Chapters 24-34, while too complex to characterize easily, are primarily concerned with prophecies of a “Messiah," a person anointed or given power by God, and of the Messiah's kingdom, where justice and righteousness will reign. This section is seen by Jews as describing an actual king, a descendant of their great king, David, who will make Judah a great kingdom and Jerusalem a truly holy city. It is traditionally seen by Christians as describing Christ.
  • 38. Deutero-Isaiah 40-55:13
    The prophecy continues with what some have called “The Book of Comfort”. In the first eight chapters of this book of comfort, Isaiah prophesies the deliverance of the Jews from the hands of the Babylonians and restoration of Israel as a unified nation in the land promised to them by God. Isaiah reaffirms that the Jews are indeed the chosen people of God in chapter 44 and that Yahweh is the only God for the Jews (and the only God of the universe) as he will show his power over the gods of Babylon in due time in chapter 46. In chapter 45:1, the Persian ruler Cyrus is named as the person of power who will overthrow the Babylonians and allow the return of Israel to their original land.
  • 39. Trito-Isaiah
    The difference between chs. 56-66 and those which precede them is too great for the former to be considered as in any way the continuation of the latter. Throughout the greater part of Trito-Isaiah we continually find ourselves in the community of the restoration: there is mention of the temple and of rebuilding it. The Temple was destroyed in 586 BC, whereas the prophet Isaiah had been dead at least 100 years. There is emphasis on observance of the Sabbath and the laws of the Torah, and this observance is considered to be an essential qualification for membership of the community. None of these arguments appears even once in Deutero-Isaiah. Besides, the setting of Deutero-Isaiah is Babylon.
  • 40. The Suffering Servant
    Isaiah 53 is the last of the four Songs of the Suffering Servant, and tells the story of the Man of Sorrows or "The Suffering Servant", which became a common theme in medieval and later Christian art. The passage is known for its interpretation by many Christians to be a prophecy of the coming of Christ, being written over 700 years before his birth.
  • 41. Isaiah 53
    NAB Isaiah 53:1 Who would believe what we have heard? To whom has the arm of the LORD been revealed? 2 He grew up like a sapling before him, like a shoot from the parched earth; There was in him no stately bearing to make us look at him, nor appearance that would attract us to him. 3 He was spurned and avoided by men, a man of suffering, accustomed to infirmity, One of those from whom men hide their faces, spurned, and we held him in no esteem. 4 Yet it was our infirmities that he bore, our sufferings that he endured, While we thought of him as stricken, as one smitten by God and afflicted. 5 But he was pierced for our offenses, crushed for our sins, Upon him was the chastisement that makes us whole, by his stripes we were healed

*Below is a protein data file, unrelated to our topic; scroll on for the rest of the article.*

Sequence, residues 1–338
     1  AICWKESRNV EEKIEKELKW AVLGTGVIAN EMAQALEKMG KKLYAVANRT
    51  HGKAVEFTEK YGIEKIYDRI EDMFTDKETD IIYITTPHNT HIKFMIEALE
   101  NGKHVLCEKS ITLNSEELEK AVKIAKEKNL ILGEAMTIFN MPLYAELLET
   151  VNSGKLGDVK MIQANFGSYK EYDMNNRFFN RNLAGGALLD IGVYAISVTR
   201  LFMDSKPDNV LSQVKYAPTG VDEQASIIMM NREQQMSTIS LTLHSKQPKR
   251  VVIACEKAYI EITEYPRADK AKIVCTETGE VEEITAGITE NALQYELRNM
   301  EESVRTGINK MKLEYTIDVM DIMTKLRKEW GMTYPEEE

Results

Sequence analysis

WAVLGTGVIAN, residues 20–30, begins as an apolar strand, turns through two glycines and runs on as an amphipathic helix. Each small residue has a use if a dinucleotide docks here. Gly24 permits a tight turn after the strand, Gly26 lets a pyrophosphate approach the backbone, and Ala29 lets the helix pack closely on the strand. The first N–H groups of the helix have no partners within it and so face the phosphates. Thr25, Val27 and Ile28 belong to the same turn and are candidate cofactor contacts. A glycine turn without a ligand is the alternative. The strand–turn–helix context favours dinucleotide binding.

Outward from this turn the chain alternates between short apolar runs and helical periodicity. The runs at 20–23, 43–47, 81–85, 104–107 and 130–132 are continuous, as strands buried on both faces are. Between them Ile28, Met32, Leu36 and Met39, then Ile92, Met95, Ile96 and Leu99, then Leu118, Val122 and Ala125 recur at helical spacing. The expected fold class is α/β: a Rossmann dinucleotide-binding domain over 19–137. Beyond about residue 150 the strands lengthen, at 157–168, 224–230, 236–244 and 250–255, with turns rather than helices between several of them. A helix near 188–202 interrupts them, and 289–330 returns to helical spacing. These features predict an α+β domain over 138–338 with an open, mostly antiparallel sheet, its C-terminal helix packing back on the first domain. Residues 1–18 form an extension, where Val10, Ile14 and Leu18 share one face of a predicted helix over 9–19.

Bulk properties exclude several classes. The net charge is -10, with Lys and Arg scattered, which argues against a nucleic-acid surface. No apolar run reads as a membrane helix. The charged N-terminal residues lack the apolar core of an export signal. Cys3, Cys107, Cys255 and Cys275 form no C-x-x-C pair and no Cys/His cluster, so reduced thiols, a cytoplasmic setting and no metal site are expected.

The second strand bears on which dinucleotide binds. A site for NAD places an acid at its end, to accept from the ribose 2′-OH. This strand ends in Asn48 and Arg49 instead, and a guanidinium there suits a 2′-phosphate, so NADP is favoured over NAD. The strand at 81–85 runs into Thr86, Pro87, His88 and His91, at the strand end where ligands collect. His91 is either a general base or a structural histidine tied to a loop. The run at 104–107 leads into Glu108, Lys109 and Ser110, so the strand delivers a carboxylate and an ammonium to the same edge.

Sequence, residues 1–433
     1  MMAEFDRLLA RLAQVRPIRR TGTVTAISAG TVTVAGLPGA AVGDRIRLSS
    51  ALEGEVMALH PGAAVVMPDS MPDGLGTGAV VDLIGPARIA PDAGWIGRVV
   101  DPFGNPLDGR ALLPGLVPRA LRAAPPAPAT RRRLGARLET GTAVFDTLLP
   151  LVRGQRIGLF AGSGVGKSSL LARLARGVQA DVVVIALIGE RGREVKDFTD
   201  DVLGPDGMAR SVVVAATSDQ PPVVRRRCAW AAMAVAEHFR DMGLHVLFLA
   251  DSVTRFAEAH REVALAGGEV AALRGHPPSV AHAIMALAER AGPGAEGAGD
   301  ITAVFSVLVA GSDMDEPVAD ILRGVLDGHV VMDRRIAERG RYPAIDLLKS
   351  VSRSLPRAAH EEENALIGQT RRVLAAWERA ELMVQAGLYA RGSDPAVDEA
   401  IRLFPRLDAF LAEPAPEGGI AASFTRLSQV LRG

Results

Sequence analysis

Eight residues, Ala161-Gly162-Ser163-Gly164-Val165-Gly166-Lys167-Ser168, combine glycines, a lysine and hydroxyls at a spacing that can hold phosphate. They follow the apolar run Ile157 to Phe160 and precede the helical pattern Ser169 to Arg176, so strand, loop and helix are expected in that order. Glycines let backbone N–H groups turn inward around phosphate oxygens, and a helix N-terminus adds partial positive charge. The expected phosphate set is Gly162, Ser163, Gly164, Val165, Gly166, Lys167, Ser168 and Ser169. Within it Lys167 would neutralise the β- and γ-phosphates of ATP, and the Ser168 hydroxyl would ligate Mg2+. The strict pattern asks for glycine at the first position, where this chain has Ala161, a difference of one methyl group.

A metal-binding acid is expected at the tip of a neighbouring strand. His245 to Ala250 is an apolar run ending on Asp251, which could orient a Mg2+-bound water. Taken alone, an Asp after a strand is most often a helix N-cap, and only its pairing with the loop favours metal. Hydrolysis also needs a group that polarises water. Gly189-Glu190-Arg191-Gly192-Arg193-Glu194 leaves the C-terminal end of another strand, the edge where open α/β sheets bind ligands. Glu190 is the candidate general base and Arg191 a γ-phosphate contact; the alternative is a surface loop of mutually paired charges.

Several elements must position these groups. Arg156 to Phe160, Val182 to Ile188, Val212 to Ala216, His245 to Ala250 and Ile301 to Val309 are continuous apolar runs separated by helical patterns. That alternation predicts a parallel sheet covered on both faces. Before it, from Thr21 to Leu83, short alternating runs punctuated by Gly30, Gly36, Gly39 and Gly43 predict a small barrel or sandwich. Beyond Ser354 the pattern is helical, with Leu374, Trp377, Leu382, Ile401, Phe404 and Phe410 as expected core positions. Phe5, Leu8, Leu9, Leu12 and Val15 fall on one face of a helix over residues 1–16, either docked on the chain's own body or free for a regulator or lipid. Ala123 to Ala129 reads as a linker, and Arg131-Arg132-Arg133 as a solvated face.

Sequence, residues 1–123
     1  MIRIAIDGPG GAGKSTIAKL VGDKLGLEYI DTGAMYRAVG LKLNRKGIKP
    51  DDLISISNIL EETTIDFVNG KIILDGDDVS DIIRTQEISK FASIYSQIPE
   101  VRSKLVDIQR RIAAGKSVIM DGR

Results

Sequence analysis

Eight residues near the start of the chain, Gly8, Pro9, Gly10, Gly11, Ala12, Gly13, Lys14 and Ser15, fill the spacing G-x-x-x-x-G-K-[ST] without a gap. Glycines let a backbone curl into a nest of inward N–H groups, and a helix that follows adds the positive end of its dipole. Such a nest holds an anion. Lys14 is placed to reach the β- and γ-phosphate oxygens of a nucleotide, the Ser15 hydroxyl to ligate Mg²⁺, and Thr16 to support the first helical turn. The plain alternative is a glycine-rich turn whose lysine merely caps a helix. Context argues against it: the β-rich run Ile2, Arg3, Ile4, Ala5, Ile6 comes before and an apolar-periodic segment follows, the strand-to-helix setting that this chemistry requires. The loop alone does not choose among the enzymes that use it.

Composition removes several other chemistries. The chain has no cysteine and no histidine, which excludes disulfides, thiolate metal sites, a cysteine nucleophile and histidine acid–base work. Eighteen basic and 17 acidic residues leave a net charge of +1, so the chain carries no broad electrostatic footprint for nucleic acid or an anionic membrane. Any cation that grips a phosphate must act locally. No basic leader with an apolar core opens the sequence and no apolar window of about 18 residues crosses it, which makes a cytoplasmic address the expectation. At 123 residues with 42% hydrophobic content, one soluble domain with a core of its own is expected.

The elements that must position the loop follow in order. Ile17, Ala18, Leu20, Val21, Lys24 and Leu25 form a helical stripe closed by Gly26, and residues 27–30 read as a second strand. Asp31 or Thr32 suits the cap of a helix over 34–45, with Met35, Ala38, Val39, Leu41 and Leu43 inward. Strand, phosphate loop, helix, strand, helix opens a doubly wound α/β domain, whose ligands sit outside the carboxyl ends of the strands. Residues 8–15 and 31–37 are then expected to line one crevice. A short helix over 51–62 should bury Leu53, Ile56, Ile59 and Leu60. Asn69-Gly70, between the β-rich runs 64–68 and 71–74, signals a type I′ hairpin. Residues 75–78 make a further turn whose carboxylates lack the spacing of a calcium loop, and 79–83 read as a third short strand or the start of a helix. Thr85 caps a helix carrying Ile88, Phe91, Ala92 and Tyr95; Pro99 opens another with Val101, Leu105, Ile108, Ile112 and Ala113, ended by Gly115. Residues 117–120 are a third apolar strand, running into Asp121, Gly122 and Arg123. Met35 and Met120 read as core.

• 42. Isaiah 53 – Cont’d
    . 6 We had all gone astray like sheep, each following his own way; But the LORD laid upon him the guilt of us all. 7 Though he was harshly treated, he submitted and opened not his mouth; Like a lamb led to the slaughter or a sheep before the shearers, he was silent and opened not his mouth. 8 Oppressed and condemned, he was taken away, and who would have thought any more of his destiny? When he was cut off from the land of the living, and smitten for the sin of his people, 9 A grave was assigned him among the wicked and a burial place with evildoers, Though he had done no wrong nor spoken any falsehood. 10 (But the LORD was pleased to crush him in infirmity.) If he gives his life as an offering for sin, he shall see his descendants in a long life, and the will of the LORD shall be accomplished through him.
  • 43. Kinds of Prophecy
    An interpretive method is prospective if it attempts to show that a prophecy has meaning for the future. An interpretive method is retrospective if it attempts to show that a prophecy fits a subsequent event but can only do so post hoc (i.e. something unexpected before the fact but undeniable afterward).
  • 44. Prospective Prophecy
     Prospective prophecy is the prediction of future events based on biblical passages. Such passages are widely distributed throughout the Bible, but those most often cited are from Ezekiel, Daniel, and Revelation.